More on Peat

May 2022

This updated page is based on the leaflet we produced for a market stall in Leighton Buzzard, celebrating the rapid increase in availability of peat-free composts for sale to amateurs, and the huge strides being made by some sections of the commercial growing industry. Spoiler: despite a current publicity campaign by many sections of that industry and a couple of celebrity gardeners saying that you can’t grow commercially in peat-free composts, many others are taking the plunge and joining the list of growers who’re just getting on and doing it.

What is peat?

Peat – sometimes called peat moss – is partly decomposed plant matter that builds up slowly over thousands of years to form peat bogs, moors and fens in areas waterlogged with rainwater.

But peatlands across the world are disappearing fast. Many of us use it in our gardens. Fortunately, it is becoming easier to find cheap alternatives to peat.

Why is peat a valuable natural habitat?

We don’t have lush rainforests in the UK and Ireland. Peatlands are our rainforests, and like rainforests, we’re busy destroying them.

Peatlands are internationally significant nature hotspots and vast carbon cupboards. Not all peatlands are the same. Peat forms in blanket bogs, lowland raised bogs, lowland fens and upland flushes, mosses, swamps and fens – very different landscapes and locations but all requiring damp conditions.

All peatlands are important natural habitats in their own right and for the other wild species they support such as carnivorous sundew plants, and uncommon insects such as large heath butterflies, four-spotted chaser dragonflies and picture-winged bog crane flies.

Peatlands are also a natural form of water purification and flood protection. Acting as a huge sponge, peatlands soak up and retain water in the landscape, holding back potentially dangerous floodwaters.

When peatlands do release water, it’s cleaner because peat acts as a filter. Water companies are realising they need peat to continue doing this to help them avoid having to clean and purify water so much before they supply it to us.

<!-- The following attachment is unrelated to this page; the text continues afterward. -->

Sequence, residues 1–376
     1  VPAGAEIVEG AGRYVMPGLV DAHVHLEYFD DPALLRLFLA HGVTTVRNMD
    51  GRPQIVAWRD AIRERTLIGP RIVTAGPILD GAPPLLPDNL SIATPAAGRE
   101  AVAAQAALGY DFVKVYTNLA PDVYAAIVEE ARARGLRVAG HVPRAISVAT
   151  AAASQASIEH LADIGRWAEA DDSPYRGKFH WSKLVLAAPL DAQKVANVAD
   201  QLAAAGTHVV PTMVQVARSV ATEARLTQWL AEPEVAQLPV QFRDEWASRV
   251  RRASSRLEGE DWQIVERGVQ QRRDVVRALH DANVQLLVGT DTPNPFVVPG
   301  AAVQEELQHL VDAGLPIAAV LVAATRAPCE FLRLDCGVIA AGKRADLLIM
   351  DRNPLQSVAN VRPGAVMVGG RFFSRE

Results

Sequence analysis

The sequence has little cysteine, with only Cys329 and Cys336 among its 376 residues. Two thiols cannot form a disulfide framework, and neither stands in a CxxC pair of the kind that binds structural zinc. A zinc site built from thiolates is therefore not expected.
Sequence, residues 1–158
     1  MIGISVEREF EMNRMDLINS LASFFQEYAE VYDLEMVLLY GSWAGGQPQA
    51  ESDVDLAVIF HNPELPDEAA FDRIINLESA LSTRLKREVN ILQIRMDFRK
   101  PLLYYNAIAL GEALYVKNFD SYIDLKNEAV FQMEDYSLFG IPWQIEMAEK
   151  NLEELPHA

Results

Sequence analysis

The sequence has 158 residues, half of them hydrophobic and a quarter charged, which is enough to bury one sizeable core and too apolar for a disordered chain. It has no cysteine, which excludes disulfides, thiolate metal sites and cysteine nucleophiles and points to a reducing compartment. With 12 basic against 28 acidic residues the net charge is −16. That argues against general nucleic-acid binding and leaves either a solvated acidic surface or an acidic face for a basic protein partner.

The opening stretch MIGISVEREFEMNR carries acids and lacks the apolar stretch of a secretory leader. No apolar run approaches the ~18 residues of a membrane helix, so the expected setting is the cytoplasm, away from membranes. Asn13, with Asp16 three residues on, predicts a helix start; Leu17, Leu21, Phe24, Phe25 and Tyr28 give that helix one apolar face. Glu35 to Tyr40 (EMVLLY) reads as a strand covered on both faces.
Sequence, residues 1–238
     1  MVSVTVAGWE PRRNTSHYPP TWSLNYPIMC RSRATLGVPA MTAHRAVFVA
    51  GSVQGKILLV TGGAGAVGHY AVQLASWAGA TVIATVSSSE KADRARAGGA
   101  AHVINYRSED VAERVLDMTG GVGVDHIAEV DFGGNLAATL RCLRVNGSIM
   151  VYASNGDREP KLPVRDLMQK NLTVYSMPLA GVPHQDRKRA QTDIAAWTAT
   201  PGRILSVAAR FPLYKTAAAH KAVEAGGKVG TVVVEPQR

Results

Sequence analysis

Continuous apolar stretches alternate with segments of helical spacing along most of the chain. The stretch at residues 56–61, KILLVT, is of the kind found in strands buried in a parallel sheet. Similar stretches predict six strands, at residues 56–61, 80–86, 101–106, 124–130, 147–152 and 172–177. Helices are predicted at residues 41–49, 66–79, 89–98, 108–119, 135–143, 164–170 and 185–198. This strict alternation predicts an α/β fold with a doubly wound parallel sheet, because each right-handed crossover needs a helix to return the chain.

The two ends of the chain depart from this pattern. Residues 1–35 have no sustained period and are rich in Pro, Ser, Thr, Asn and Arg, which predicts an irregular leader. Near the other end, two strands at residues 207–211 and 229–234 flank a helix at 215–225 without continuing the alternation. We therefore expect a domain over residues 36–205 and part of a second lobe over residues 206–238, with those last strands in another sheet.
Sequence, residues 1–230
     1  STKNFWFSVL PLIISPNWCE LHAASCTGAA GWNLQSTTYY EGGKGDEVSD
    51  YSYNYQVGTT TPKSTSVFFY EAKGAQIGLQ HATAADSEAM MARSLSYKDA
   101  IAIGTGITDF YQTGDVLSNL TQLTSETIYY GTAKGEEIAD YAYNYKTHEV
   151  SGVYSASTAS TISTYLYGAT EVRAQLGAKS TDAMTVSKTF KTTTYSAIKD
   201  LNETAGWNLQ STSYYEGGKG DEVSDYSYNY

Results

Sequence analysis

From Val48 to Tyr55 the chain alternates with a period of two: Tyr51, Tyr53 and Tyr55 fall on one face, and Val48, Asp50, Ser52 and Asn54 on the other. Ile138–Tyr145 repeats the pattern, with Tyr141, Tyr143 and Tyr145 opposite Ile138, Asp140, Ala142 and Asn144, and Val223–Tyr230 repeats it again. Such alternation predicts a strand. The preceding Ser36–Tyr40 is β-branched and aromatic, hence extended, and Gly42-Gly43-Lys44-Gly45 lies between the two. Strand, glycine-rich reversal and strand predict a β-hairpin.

Why does the government want to ban peat?

Digging up peat releases a lot of carbon dioxide, which we need to keep in the ground. The world needs to reduce its carbon emissions to keep the planet liveable, and not using peat is one of the easier ways of doing that. Ireland, Germany and Switzerland are already banning the use of peat in the horticultural industry, as they feel the benefits in terms of climate change, flood prevention, biodiversity and water purification outweigh the fact that it’s a cheap and profitable commodity when it’s drained and dug up.

The government says it will ban the sale of peat-based growing media to amateurs (that’s most of us) by 2023, and to ban its use by commercial growers by 2030.

The horticultural industry has said that large commercial growers aren’t able to use other types of growing media. In 2011 they offered to reduce their use of peat voluntarily, but unfortunately they’ve done very little about it.

Despite this, many UK growers have been successfully using the newer peat-free composts for years. Recently, Tesco announced that from now on, its bedding plants will be grown in peat-free compost. If they can do it, anyone can!

Bridge Farm growers, who supply Tesco (photo from Tesco website)

Why is the horticultural industry campaigning against a ban on peat?

– They’d have to make some changes to the way they’ve done things in the past, and the newer composts might cost them more (digging up peat is really cheap and very profitable).

– You need slightly different skills to grow in the newer, peat-free growing media, which might mean some retraining.